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16267

Temporary Postoperative Left Ventricular Apex Pacing Does Not Improve Hemodynamics

Friday, October 19, 2012
Room 275-277 (Morial Convention Center)
Benton Ng, Benjamin Reinking, Dianne L. Atkins, MD, FAAP, Ian Law and Nicholas Von Bergen, Pediatric Cardiology, University of Iowa, Iowa City, IA

Purpose:  Arrhythmias after congenital heart surgery are common and often treated with pacing via temporary epicardial pacing wires placed on the atrium and ventricle.  However, the optimal location for a single site of ventricular pacing is unknown, as pacing may result in ventricular dyssynchrony and dysfunction.  It has been postulated that temporary pacing at the left ventricular (LV) apex may be preferred to avoid ventricular dyssynchrony.  Despite significant advances in congenital cardiac surgery, there have been limited prospective trials evaluating alterations in hemodynamics by pacing at varying single ventricular sites. We compared the hemodynamic effects of two temporary right ventricular pacing sites and left ventricular apical pacing in pediatric postoperative cardiac patients. We hypothesized that pacing from the left ventricular apex would result in improved hemodynamics.   

Methods: Inclusion criteria included patients up to 17 years of age at the time of surgery with a systemic left ventricle and two ventricle anatomy.  In addition to atrial pacing wires, temporary ventricular pacing wires were placed on 2 of the following 3 sites in a random fashion a) right ventricular (RV) free wall, b) RV mid septum, and c) LV apex. Postoperatively, arterial blood pressure and echocardiographic data (shortening fraction, ejection fraction (EF), LV outflow tract (LVOT) diameter, LVOT velocity time integral, tissue Doppler imaging, 3D EF, and 3D synchrony measures) were obtained in sinus rhythm and following atrioventricular synchronous pacing at each ventricular site for 5 minutes.  Pacing was stopped and patients were excluded if adverse events occurred during pacing.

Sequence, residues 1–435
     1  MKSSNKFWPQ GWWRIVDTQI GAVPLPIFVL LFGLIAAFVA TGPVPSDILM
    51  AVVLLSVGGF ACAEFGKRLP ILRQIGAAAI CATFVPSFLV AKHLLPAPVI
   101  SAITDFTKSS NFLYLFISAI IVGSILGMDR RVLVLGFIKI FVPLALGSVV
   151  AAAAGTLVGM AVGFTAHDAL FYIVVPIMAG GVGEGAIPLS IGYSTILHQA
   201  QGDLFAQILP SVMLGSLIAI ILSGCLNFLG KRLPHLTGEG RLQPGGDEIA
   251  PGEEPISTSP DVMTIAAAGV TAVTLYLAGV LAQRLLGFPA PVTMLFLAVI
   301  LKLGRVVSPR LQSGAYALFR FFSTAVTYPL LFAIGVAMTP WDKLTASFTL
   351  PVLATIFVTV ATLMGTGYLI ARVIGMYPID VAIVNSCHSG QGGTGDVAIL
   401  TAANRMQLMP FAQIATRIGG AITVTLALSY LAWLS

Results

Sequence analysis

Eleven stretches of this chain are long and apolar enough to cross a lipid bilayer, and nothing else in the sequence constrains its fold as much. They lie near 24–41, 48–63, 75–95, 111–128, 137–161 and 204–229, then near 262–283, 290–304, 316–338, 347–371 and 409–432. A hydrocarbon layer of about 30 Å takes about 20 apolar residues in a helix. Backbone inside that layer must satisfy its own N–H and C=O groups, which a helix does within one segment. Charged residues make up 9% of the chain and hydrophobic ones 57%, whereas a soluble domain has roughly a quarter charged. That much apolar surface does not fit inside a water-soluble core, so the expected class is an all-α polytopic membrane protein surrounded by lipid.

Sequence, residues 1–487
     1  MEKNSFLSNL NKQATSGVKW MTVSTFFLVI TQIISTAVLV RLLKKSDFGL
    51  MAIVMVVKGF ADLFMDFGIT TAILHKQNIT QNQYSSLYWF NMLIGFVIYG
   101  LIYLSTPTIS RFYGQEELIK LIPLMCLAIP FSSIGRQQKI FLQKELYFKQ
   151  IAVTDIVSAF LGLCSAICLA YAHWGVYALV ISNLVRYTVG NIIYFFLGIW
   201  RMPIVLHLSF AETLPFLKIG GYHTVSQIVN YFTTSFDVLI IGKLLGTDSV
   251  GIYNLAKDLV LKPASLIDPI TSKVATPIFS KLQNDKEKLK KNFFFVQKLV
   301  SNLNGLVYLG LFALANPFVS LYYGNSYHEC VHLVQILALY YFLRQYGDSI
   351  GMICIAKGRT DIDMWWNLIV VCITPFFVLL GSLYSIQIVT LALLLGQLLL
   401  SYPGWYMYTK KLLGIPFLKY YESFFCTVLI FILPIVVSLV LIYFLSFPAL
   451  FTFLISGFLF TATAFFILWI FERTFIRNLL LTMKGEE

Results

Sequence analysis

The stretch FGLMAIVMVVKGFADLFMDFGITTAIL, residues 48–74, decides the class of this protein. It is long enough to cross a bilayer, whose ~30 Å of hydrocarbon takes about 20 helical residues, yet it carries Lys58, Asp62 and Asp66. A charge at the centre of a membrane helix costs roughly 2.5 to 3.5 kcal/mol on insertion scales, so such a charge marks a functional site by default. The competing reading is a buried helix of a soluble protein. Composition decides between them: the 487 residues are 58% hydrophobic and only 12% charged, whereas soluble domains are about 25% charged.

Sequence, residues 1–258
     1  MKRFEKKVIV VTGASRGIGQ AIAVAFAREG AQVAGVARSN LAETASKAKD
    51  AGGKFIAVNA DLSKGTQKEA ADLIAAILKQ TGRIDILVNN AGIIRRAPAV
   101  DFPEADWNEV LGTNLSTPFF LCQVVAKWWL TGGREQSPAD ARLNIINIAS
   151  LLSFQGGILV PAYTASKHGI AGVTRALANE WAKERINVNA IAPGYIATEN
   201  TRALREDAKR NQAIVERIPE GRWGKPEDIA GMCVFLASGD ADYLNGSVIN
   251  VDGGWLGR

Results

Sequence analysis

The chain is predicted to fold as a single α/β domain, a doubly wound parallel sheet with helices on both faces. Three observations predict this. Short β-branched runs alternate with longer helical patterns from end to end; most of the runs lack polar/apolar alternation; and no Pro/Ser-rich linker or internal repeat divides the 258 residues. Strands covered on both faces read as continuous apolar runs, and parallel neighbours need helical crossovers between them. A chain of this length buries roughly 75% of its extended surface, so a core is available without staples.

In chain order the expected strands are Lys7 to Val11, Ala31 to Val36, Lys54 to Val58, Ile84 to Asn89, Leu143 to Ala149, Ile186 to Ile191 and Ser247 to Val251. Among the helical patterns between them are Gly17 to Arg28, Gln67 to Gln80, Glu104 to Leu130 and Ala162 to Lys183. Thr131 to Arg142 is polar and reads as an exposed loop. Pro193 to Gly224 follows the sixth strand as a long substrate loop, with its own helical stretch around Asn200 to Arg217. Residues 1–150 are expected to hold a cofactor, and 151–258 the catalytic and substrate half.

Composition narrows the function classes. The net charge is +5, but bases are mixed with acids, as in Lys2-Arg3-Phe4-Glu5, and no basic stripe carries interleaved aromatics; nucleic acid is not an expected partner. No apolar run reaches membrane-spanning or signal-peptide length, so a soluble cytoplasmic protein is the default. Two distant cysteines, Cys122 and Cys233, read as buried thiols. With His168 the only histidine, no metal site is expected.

Results: The age range of study participants (n = 31) was 22 days - 13 years (median = 0.6 years, 63% male). The underlying heart disease included: ventricular septal defect, atrial septal defect, LVOT obstruction, transposition of the great arteries, Tetralogy of Fallot, pulmonary stenosis, atrioventricular canal, aortopulmonary window, pulmonary atresia with intact ventricular septum, and total anomalous pulmonary venous return.  For evaluation of pacing site effect on blood pressure, the systolic blood pressure (SBP) obtained during pacing was normalized to that obtained during sinus rhythm.  The normalized SBP while pacing at the RV free wall, RV mid septum, and LV apex were 1.01, 1.04, and 1.04 respectively (p = NS). No difference was observed in diastolic blood pressure, EF, EF by 3D echocardiogram, or measurements of left ventricular synchrony for LV pacing compared to either RV site. No patient experienced an adverse event during the pacing maneuvers

Conclusion:  Our data demonstrate that there is no hemodynamic benefit to LV apical pacing in the post-operative period compared to RV free wall or RV mid septal pacing.